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Almost Yesterday is a glimpse into the rich history of our region. Dr. Frank Nickell takes listeners on a journey to specific moments in time, such as the first radio broadcast on KFVS, the history of Farmington’s Carleton College, and the short-lived safari on a Mississippi River island. A gifted storyteller and local historian, Dr. Nickell’s wit and love for the past are combined with sounds and music that augment his narrative.On Saturday, June 7, 2008, Almost Yesterday received First Place in the "Special Programs" category at the Missouri Broadcasters Association Awards Banquet in Kansas City, Missouri.Almost Yesterday airs every Wednesday at 5:42 and 7:42 a.m. and 5:18 p.m.

Almost Yesterday: Richard G. Wilson Receives Congressional Medal of Honor

 The 19-year old medic from Cape Girardeau was killed trying to save a wounded soldier.
Southeast Missouri State University
The 19-year old medic from Cape Girardeau was killed trying to save a wounded soldier.

It seems like Almost Yesterday that Richard G. Wilson became the only resident of Cape Girardeau to ever receive the Congressional Medal of Honor, our nation’s highest military honor.

Wilson was born August 19, 1931, in Marion, Ill., but grew up in Cape Girardeau in a family of seven children. On August 19, 1948 – his 17th birthday – he enlisted in the army and reported to Fort Sam Houston, Texas, where he was trained as a medic.

He volunteered for Airborne School and was assigned to Fort Campbell, Kentucky, as a medic in the 11th Airborne Division.

When the Korean War began in June of 1950, Wilson’s unit was informed they would soon be moving in that direction. He received a final weekend home – over the Fourth of July – returned to Fort Campbell and was soon in Korea.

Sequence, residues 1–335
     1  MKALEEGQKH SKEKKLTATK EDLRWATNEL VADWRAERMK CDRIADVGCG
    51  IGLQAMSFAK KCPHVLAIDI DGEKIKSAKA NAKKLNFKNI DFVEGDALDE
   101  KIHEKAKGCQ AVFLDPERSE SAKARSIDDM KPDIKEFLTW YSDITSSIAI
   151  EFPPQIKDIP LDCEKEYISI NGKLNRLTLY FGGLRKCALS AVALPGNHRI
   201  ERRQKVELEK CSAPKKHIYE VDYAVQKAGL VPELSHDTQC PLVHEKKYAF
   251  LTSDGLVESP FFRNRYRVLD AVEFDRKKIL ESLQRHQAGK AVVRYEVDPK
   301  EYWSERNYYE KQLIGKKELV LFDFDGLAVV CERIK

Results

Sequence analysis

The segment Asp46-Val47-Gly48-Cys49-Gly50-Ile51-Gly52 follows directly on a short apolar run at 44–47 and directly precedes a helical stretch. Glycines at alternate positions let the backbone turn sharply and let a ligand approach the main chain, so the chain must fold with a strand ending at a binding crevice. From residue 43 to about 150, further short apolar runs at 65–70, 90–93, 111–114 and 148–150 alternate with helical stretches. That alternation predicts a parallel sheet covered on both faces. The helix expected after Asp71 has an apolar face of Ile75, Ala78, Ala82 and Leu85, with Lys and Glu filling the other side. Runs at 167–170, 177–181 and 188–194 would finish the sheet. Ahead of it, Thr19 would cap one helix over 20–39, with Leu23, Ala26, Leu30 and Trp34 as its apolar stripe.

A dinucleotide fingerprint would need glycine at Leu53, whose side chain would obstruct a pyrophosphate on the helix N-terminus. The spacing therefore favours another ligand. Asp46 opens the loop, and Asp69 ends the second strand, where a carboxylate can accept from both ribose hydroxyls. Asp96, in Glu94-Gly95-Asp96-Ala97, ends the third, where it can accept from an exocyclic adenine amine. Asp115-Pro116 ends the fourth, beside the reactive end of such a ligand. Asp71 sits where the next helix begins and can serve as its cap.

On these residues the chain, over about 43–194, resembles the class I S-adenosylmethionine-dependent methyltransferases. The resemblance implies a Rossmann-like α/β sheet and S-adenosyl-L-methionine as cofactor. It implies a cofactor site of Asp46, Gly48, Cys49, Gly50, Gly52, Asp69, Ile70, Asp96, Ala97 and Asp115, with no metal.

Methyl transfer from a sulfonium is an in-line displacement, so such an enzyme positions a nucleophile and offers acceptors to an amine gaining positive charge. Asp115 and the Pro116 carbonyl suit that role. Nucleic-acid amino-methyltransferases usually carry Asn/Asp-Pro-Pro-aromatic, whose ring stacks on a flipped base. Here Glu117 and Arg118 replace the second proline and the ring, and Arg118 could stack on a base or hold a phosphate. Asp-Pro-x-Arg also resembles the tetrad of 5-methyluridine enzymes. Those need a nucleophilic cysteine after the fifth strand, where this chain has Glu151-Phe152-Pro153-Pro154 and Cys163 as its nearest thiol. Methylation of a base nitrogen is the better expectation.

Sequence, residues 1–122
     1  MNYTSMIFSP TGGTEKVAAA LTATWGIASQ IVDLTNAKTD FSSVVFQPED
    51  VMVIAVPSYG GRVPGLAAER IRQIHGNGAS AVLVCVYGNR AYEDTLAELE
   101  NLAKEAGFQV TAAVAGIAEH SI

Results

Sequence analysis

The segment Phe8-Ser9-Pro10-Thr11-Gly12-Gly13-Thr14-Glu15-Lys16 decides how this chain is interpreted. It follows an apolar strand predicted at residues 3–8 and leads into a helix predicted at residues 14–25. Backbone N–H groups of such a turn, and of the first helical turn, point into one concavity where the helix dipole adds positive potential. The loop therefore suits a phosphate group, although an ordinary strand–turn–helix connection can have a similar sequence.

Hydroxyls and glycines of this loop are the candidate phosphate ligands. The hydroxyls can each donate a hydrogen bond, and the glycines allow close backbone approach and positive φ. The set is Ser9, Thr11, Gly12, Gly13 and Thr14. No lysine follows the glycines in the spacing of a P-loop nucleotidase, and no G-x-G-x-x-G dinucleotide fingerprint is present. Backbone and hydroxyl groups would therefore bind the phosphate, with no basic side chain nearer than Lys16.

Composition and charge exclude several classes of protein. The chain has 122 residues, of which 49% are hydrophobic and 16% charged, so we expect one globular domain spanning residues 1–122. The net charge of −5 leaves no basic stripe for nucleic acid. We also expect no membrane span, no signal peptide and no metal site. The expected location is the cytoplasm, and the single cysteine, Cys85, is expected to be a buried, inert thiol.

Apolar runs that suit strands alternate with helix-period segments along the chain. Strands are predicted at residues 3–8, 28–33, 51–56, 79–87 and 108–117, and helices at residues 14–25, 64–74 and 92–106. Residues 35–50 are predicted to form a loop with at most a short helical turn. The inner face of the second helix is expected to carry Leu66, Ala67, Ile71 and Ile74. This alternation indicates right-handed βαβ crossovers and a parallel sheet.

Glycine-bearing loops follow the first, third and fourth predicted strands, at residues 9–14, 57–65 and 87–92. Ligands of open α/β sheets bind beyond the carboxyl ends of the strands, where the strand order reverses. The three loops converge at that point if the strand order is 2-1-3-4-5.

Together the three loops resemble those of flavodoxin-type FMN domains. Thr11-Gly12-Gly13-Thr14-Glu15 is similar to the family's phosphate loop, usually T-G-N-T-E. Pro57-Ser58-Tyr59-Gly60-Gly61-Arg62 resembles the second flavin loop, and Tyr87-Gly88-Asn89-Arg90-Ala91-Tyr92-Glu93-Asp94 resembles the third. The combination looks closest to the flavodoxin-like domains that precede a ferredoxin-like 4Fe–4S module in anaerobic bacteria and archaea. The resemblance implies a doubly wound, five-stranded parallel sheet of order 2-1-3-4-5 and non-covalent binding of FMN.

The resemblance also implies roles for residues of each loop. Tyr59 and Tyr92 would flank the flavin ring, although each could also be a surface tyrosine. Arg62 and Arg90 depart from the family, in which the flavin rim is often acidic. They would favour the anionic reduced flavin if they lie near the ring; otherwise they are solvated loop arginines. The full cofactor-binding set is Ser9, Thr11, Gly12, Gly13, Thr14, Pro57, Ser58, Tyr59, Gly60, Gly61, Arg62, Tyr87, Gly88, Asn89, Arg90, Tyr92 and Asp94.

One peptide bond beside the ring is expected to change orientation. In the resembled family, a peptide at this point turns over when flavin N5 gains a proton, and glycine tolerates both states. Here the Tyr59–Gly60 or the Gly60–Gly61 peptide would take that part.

On Oct. 20, 1950, Private Wilson participated in one of the largest airdrops in American military history. He was part of the 187th Regimental Combat Team which was dropped behind enemy lines, north of Pyongyang, to cut off retreating North Korean units.

On the morning after the air drop, Wilson’s unit moved into a narrow valley, flanked on three sides by high hills. They were soon hit with an intense ambush and forced to withdraw. But there had been many casualties. As a medic, Wilson moved among the wounded, administered aid, and constantly exposed himself to hostile fire.

His company commander ordered a withdrawal to avoid complete encirclement. Wilson assisted wounded men to safety, and then learned that a comrade, previously thought dead, had been seen moving and attempting to crawl to safety. Unarmed and in an open field, Wilson raced through a hail of gunfire to reach the side of the injured soldier.

Two days later, a patrol found the body of 19-year-old Richard Wilson laying by the side of the man he returned to aid.

It seems like Almost Yesterday that we had such heroes.

Frank Nickell is a retired history professor at Southeast Missouri State University.
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